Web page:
The authors of the paper say that's because many eastern U.S. rivers weren't created by the forces of nature, but by Colonial farmers who built thousands of small dams across wetland areas in New England and the Middle Atlantic States. Geologists Robert Walter and Dorothy Merritts of Franklin and Marshall University in Lancaster, Pa., wrote the paper.
Walter says they first began to wonder five years ago whether winding creeks in the area were really all that natural. Merritts and some of her graduate students started pulling strange objects out of the bottoms of ancient-looking dirt embankments near the edges of the creeks.
"We found the stumps of giant trees that had been sawed down by European settlers," she says. "We found Indian artifacts and logged roads that the early settlers used to get across some of these marshy bottomlands."
Those finds made it look like the creeks had changed a lot over the past few hundred years. They also raised questions about whether the dirt embankments were really all that ancient.
These questions were answered by geologist Robert Walter, who is married to Merritts. He says tests on soil samples taken from the flood plain that surrounded the creeks showed that the riverbanks were hundreds, not thousands of years old.
Standing at the foot of a 20-foot tall embankment, he says, "basically everything you see above my ankles was deposited from 1730 to 1850 — 120 years."
In other words, the stream that had been here when European farmers first arrived is now buried underneath roughly 20 feet of mud. In retrospect, Walter says it's obvious where the mud came from.
He thinks it started washing down out of deforested areas and farm fields roughly 300 years ago. Then it started pooling up behind small dams the colonists built all over the region. More than 60,000 of these dams had been built by the end of the 1840s, Walter says, and, at one point, giant mill ponds formed behind all of them.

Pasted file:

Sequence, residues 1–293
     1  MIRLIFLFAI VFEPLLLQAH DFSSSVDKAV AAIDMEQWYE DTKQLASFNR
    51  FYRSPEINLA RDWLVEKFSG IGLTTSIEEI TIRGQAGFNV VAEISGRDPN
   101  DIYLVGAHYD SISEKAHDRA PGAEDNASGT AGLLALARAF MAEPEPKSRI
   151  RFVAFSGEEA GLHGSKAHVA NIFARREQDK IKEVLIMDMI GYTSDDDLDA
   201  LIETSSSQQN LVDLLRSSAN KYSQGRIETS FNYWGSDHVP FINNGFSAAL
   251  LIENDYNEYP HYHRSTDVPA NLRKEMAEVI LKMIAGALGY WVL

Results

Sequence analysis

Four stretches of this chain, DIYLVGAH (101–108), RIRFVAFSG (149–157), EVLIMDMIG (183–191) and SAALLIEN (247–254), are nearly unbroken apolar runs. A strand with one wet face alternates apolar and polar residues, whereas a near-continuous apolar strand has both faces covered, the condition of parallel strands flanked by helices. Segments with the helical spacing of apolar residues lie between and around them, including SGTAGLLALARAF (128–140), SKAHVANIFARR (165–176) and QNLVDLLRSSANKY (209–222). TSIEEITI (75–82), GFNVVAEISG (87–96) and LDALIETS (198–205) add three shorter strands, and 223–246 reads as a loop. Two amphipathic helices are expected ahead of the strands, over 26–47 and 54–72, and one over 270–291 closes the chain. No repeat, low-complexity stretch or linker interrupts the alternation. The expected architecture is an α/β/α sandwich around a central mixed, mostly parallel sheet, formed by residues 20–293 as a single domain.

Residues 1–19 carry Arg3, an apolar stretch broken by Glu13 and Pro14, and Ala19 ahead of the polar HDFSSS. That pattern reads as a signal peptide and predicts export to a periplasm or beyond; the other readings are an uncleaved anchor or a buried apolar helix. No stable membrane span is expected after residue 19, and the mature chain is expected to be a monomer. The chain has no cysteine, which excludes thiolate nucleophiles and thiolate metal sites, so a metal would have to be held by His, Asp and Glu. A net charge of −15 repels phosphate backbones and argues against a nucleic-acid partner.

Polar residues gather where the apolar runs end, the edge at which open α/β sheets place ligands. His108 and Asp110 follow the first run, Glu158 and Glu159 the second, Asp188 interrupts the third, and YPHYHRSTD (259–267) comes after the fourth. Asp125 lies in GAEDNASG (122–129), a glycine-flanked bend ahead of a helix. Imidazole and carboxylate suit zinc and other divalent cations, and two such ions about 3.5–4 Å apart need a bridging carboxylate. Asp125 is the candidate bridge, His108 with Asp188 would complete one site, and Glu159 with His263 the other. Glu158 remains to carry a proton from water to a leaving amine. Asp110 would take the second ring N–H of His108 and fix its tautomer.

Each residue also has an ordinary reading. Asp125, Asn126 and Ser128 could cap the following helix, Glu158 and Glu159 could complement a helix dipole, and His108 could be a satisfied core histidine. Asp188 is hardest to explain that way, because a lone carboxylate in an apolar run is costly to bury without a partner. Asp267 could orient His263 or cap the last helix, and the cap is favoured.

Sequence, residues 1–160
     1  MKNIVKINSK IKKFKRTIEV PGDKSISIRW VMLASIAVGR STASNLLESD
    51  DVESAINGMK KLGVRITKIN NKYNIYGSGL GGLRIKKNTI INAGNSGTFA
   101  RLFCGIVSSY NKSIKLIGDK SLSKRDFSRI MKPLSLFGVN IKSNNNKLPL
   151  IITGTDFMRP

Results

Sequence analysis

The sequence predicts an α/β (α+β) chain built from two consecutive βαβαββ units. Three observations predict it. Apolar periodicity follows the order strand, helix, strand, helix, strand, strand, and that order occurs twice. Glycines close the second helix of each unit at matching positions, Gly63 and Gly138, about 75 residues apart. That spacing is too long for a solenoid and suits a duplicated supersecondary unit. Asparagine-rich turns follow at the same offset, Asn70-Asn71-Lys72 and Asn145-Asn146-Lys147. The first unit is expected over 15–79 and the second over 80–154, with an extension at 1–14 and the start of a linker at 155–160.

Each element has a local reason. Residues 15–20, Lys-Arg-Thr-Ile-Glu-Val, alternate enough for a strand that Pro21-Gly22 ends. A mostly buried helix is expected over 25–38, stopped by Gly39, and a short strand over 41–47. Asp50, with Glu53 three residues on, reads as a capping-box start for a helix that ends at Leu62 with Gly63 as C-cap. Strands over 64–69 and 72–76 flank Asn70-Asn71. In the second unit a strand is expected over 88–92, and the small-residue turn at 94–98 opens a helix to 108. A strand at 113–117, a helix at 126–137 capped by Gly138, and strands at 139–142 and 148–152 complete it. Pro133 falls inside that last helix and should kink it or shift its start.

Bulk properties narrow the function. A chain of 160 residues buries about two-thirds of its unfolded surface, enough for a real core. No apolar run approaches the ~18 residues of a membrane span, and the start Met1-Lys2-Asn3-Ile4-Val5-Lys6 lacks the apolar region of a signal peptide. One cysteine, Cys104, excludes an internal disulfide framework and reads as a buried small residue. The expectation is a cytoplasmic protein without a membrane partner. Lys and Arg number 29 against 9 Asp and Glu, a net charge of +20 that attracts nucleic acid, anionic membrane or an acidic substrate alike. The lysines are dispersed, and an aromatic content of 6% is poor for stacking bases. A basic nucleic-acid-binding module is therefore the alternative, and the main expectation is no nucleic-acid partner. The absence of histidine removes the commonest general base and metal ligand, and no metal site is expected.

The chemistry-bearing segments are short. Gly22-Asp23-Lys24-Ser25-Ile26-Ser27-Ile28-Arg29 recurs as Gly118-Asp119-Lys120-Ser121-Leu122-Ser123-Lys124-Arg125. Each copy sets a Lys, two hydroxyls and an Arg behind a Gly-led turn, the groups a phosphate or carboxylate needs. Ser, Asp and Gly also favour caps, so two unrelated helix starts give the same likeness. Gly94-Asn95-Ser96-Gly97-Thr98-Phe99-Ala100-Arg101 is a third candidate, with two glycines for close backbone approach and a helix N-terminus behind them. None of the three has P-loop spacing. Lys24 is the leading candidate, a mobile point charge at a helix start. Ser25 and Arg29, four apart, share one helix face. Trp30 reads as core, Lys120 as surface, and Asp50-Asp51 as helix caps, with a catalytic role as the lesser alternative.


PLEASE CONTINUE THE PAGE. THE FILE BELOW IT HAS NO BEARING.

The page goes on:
Eroded soils had filled most of these ponds to the brim by the start of the 1900s, Walter says. When that happened, the dams were abandoned and many were destroyed.
In the Science paper, Walter and Merritts argue that this is when many of the so-called "natural" winding rivers in the East took shape, as they cut deep channels through the leftover mud. They say that's why topographic photos of the region show that many flood plains look a little bit like giant staircases.
"Long flat stretches mark the locations of the filled-in mill ponds," Merritts says. "The sharp drops are where the dams were."
Merritts and Walter say their paper shows how quickly people can forget what natural landscapes used to look like.
David Montgomery, a geologist at the University of Washington, says the paper is also a cautionary tale for everyone involved in river restoration projects.
For example, says Montgomery, "if you are trying to restore rivers in a way that will benefit fish and other organisms — if you're not just trying to make them look pretty — the best model for that is the system in which they evolved and thrived."
Basically, if you want to put Humpty Dumpty back together again, you need to know exactly what he looked like in the first place.
Merritts and Walter say it's likely that the landscape underneath a lot of winding rivers was dominated by broad wetlands full of tangled water channels. Walter says those broad wetlands are now all but nonexistent in the East. Whether they will be restored on a large scale is an open question, he says.